Deux Chevaux et Charrette Ltd.

2CV Repair & Restoration Specialists


Rolling Chassis Rebuild

The following pictures detail a rolling chassis rebuild for an Australian client leading up to: "Raid Oz#4 2000."

A new chassis was purchased together with an old 2CV. The 2CV running parts were overhauled and fitted to the new chassis, which in turn was strengthened.

If you are interested in having restoration work carried out on your 2CV, please complete our contact form.
Upturned chassis viewed from the front, showing the aluminium sump shield 2.5mm thick. The extra long front towing eye is for an adventure kit type bumper which will be bolted securely through the underside of that bumper.
Same as above, but with the 'T' iron welded in place. The front piece of 5mm plate is only bolted in by the engine mounts and the two 11mm bolts at the front corners.
This 5mm plate is fitted across the chassis at the front and rear axle bolts. Extra long axle bolts are required for fitting the rear plates and the original rear bolts are moved to the front position as they are 8mm longer.

The metal tags on the lower edge of the chassis to secure the fuel and brake lines (remember chassis is upside down!). The original Citroen ones will not hold piping should it be caught on a branch or bush.
Rear towing eye fitted to original rear bumper mounting points which have been drilled out to 10.5mm and now accept 10mm bolts with heavy washers. This again will have an adventure kit type rear bumper.
View of front chassis showing the inserted 20 gauge plate in the side of the chassis immediately in front of the front axle bolts.

On the original Citroen replacement chassis, there is a strengthening plate immediately behind the front axle bolts.

On standard 2CV chassis (not Dyane) this strengthening plate is not fitted.
Close up of the strengthening plate with 5 puddle welds to secure it to the side wall.
Wurth CU800 is sprayed immediately under the 5mm crossplates to repel any water and (hopefully) dispel any rust forming.
A wider view of above.

The position of the plate when it returns to chassis level gives initial protection to the petrol tank and allows the vehicle to ride over any obstacles.
It is necessary to change the profile of the two centrepieces of 'T' iron, so that they can allow for the protrusion of the exhaust crossbox.
Fully protected exhaust crossbox which hopefully will never, never, never, ever be punctured as it is necessary to remove the gearbox to remove it.
Completed upside down chassis.
Chassis on side being turned over.
Removal of rear wheel bearing using circular motion impact wrench - Facom NK300 and D83.
Overhauled rear brakes.
Facom 10 tonne portable hydraulic frame press for pressing out kingpins
Refitted petrol tank after steam cleaning and fitted with new tank sender. On this RAID chassis I have supplied a new braided fuel line to go completely to the fuel pump.

The quarter inch drive universal 11mm socket attached to the underside of the rear axle showing that it is possible to remove the petrol tank with the piece of 5mm plate across the rear axle bolts.
Special tool Facom 40*46L used in conjunction with the weaker Citroen made tool which is used for the fine adjustment and locking of the suspension end collars.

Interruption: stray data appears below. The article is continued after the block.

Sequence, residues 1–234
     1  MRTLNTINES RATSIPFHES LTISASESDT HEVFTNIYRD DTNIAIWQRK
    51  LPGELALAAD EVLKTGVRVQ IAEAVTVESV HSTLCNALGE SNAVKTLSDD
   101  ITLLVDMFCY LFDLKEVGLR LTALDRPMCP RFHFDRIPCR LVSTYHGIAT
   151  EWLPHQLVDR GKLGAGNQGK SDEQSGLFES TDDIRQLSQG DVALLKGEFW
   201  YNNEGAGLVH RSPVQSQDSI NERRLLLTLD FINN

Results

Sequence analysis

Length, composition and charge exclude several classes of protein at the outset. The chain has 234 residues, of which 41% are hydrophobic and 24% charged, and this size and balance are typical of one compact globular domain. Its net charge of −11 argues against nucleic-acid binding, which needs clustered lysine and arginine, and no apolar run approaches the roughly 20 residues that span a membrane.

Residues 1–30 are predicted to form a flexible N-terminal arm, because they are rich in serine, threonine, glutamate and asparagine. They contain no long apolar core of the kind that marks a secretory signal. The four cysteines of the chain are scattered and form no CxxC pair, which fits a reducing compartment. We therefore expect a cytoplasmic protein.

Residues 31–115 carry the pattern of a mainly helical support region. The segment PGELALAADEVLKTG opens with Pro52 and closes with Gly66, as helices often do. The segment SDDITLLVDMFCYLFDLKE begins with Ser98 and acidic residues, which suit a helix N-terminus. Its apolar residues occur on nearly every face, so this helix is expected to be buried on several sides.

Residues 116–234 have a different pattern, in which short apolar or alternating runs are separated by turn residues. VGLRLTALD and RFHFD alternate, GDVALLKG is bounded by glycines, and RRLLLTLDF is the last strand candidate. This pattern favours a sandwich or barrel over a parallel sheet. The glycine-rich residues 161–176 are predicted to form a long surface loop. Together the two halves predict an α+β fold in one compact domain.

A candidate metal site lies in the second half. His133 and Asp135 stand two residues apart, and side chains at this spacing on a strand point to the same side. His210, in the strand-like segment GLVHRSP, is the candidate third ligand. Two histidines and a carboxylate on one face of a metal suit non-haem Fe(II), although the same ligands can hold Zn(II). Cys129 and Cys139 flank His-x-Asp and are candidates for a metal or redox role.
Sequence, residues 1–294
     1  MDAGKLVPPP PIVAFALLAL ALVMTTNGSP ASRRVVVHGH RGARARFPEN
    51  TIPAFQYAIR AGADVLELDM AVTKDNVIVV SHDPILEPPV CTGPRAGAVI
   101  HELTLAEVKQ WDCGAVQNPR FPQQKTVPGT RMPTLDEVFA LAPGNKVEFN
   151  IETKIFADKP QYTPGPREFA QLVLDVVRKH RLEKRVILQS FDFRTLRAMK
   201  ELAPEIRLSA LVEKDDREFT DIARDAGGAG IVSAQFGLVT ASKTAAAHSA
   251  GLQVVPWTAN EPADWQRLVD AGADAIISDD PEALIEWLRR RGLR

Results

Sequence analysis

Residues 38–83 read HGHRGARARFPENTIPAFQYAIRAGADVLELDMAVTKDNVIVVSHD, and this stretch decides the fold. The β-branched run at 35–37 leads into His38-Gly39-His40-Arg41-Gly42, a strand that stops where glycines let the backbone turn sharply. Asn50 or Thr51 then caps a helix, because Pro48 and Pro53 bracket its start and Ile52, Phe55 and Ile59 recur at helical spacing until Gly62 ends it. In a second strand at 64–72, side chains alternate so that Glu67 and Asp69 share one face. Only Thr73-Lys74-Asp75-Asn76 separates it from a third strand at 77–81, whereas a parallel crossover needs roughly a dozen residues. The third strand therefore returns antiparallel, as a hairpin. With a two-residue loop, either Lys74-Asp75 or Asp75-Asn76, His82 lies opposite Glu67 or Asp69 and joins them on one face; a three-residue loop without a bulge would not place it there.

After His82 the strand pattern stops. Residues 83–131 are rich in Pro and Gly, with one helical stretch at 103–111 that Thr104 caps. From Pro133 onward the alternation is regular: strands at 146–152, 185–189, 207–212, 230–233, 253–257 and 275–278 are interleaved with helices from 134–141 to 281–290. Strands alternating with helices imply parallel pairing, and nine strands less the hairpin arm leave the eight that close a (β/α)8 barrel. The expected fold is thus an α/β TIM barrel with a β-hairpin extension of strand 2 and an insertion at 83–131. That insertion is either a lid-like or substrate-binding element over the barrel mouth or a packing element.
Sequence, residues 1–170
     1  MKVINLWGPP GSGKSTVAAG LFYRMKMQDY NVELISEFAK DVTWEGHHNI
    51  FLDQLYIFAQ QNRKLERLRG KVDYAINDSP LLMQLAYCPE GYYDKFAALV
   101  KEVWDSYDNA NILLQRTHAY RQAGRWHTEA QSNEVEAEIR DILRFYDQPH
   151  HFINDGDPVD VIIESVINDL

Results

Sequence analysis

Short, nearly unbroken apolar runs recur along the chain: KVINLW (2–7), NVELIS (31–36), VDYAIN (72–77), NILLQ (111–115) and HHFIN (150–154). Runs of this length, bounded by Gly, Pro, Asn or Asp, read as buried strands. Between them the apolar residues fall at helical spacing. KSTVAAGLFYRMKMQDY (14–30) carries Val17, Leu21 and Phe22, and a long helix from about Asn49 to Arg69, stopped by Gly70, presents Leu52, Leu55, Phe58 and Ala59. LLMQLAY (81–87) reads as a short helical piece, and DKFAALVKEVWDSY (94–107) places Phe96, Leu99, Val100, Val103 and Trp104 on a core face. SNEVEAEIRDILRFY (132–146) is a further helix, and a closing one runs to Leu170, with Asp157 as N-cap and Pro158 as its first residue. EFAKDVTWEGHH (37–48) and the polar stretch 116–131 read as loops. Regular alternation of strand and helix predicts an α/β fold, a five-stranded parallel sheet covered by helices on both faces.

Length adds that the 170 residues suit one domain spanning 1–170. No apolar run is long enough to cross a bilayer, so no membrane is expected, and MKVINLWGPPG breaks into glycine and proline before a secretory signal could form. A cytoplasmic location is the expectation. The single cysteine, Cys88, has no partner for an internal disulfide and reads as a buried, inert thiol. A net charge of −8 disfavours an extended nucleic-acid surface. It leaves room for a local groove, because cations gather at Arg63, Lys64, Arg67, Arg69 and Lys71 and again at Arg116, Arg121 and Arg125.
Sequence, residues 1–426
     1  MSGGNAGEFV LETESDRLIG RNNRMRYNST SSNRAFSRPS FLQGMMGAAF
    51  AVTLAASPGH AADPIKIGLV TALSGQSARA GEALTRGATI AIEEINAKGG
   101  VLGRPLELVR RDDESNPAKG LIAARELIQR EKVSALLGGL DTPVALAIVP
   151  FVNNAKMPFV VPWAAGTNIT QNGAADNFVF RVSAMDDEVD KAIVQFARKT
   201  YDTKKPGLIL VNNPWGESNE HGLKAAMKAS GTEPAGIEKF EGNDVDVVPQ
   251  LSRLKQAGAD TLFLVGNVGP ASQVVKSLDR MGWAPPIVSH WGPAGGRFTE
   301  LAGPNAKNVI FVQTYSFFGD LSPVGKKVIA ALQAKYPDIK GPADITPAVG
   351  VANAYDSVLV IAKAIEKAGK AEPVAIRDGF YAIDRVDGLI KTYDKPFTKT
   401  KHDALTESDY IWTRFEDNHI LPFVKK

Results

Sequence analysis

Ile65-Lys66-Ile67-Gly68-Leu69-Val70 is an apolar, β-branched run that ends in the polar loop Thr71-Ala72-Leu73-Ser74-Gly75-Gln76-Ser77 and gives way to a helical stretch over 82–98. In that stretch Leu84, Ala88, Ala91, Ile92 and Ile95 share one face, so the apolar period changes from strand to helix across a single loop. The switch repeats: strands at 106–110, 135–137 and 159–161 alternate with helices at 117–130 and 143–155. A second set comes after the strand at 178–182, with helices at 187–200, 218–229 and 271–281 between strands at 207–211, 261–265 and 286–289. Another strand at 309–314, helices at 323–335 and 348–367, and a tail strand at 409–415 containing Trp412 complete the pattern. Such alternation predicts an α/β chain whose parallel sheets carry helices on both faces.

In the centre of the picture, the two new rubber suspension gaiters and the new suspension collar which is sometimes necessary to fit.
One of the minimum requirements of a RAID car is to be slightly higher at the rear than a city car.
Due to evolution modifications*, it is necessary to remove the last 10-15mm of the suspension tie rod.

* It is dangerous to make this modification if the vehicle is going to be run empty. You must understand the evolution of the 2CV before making this cut.
The finished product late one night.
Ready to go with additional spare parts.
The final lift-off to Australia.

Restored 2CV Body Shell

In the past, it has been possible to rebuild floor and sills on body shells, but these days with second generation repairs and bad body shells we are tending to replace panels with new metal.

The pictures below are off miscellaneous projects to bring a sequence together for a overhauled body shell.

If you are interested in having restoration work carried out on your 2CV, please complete our contact form.
Once a chassis has been made good it is time to overhaul the body shell and seal it back to the chassis.
The body shell of a 1998 car worked on in 2001. Fortunately this shell only required a partial floor on one side of the car.
Fortunately the seal was in good order and it was easy to spot weld the new floor into position.
It is my policy to reinforce the front triangular box section with some 20 gauge steel to give a second thickness to this vulnerable area.
This shows the extra plate nicely stitched in around the jacking point and rising panel.
As standard, I always place at least 1 cigarette bracket in the car before going to the paint yard and, as a piece of information, I have discovered some nice radio speakers which rivet into the shelf cross member.
This body shell had a larger conversion to the wiring loom and dashboard spec which made the decision of spraying the front bulkhead a much easier one.

It is always nice to spray the inside of the vehicle as well as the out, but if spraying the same colour as the original there is no need to do the bulkhead.
Reassembly well under way with a running driveable car which means that it is half finished.
Rear end completed.

To be continued...